The Great … Ellipsis Debate

By:  Victoria Adams

Being a publisher, and occasional editor, I find myself between a rock (the author) and a hard place (the editor/formatter) when it comes to the question of ellipsis. Three little dots that seem to be out to conquer the world or put it on eternal pause. I cannot promise any resolution in this article, but I can promise much food for thought.


First comes usage. Originally the ellipsis was used solely to indicate omitted words in a quote. Usage was (and is) carefully applied so as to not change the context or meaning of the quote. The three little dots are not supposed to represent huge portions of omitted text, only phrases or portions of a paragraph. For purposes of nonfiction writing this is still the only acceptable usage.

Then along came the door into temptation. It became accepted to use ellipses for other reasons. More strictly, if they are used at the beginning of a sentence they are supposed to convey an emotion of sadness. If they are used at the end of a sentence it indicates an entrance into silence. Then things get messy.

The following quote is from the Grammar Girl: http://www.quickanddirtytips.com/education/grammar/ellipses?page=all

The Chicago Manual of Style states, “Ellipsis points suggest faltering or fragmented speech accompanied by confusion, insecurity, distress, or uncertainty.” The Manual contrasts ellipses with dashes, which it states should be reserved for more confident and decisive pauses.

As a note, the Manual calls ellipsis that are not related to a quote “suspension points.” Probably a better description of the usage implied. Evidently even my favorites of using them to indicate an interruption or a stutter are not appropriate. For these instances you are supposed to use the em dash.

Given these standards, how many is too many? Is there some magic number like x dot things for every Y number of words? There is a general consensus that the faithful little dots are taking over the world and are, most of the time, simply not the right choice. Some of the ways to know whether or not they are appropriate is to seriously think about other options. Remember the comma, semi colon and colon? Also, it appears that the use of the em dash is far more acceptable in a number of cases.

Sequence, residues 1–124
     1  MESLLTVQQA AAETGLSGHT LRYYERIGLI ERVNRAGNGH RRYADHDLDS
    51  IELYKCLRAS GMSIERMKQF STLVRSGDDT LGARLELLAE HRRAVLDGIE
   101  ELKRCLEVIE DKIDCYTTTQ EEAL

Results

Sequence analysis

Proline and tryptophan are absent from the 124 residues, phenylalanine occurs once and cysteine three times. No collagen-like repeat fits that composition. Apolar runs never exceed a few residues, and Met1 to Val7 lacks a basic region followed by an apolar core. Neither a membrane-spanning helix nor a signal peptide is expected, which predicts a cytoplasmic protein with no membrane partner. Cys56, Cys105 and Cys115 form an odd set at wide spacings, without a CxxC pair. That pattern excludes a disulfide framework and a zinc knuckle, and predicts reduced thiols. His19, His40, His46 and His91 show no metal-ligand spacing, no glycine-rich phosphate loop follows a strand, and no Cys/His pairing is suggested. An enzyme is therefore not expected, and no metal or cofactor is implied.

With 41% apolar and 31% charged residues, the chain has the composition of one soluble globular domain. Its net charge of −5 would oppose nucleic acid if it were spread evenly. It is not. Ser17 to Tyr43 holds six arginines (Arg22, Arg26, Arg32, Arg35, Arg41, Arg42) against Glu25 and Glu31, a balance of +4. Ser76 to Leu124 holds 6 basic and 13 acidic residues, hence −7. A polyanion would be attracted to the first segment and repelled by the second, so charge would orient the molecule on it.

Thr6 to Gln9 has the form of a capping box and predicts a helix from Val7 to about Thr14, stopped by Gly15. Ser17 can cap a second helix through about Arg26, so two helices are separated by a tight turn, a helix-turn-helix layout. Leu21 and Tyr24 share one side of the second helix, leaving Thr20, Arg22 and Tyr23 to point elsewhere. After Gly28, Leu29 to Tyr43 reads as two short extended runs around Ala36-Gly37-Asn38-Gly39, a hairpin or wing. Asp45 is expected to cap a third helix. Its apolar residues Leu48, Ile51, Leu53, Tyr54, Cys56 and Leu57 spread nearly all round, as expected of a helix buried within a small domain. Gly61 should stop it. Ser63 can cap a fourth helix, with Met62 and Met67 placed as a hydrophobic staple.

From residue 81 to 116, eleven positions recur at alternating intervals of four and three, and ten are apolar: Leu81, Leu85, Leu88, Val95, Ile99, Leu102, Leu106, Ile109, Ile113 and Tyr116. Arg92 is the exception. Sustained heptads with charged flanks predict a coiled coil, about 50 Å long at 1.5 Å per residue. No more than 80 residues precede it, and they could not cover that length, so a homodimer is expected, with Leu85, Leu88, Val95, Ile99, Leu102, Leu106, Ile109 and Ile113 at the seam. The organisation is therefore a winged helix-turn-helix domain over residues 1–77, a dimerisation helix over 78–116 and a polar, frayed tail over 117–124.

The issue is that the ellipsis do precisely what they are meant to do – they add a pause. They stop the sentence. At some point the reader gets tired and isn’t interested any more. If you can’t complete the thought, how do you expect your reader to? Although they can be useful to convey a character’s hesitancy, or distraction, or indecision, at some point you really need to write the story.

The second part is the debate on proper presentation. Yes, “…” can come in different styles. The AP Stylebook indicates that it should be … (space before, after, none in between), while the Chicago Manual of Style indicates it should be . . . (space between each dot and on either end). This of course does not include the proper form if the ellipsis comes at the end of a sentence or other punctuation is involved.

It is easy to understand why the AP likes the more compact version. First of all when you are dealing with space in a publication of any type, spreading things out is not always an economic option. Secondly, when justifying text (as you would in a book) the . . . is seen as separate words. This means they can be spread out over a line or broken up between lines. Not very pretty.

It is true that Word has a function called the “no break line” (Ctrl+SHIFT+Space), however this does not always convert to other formats. For instance the pdf versions required to upload to most printers. This is why publishers will lean to the AP style guidelines in preparation of a manuscript for publication.

The important things to remember when making a choice for both usage and formatting are:

  1. Is there any other way I can convey the meaning I want in this sentence or phrase?
  2. What is the end purpose of my piece and the formatting requirements for publication?

For further investigation, I found these posts of interest, and even a bit fun.




VICTORIA ADAMS is an accountant and financial analyst by profession, but numbers can get numbing. Not in a mood to allow her mind to glaze over, she has always found ways to be creative in her business career by helping in the growth, development or startup of many different kinds of enterprises. That creative spirit extended to many of her leisure activities where she pursued such things as pottery, needlepoint, gardening, and well just about anything that is creative. Her professional background has also made her a perpetual researcher. In this way she developed a deep love of philosophy, religion, history, archeology and anthropology. What she learns she loves to share so she has been a teacher and occasional speaker. For many years her husband tried to get her to share through writing. Now that she has tested the waters with her first book, which ironically was about the first year of learning to live with his dementia, she is ready to reach further and write the things he always wanted to see.

Blog: http://victoriasreadingalcove.wordpress.com/
Facebook: https://www.facebook.com/readingalcove?ref_type=bookmark

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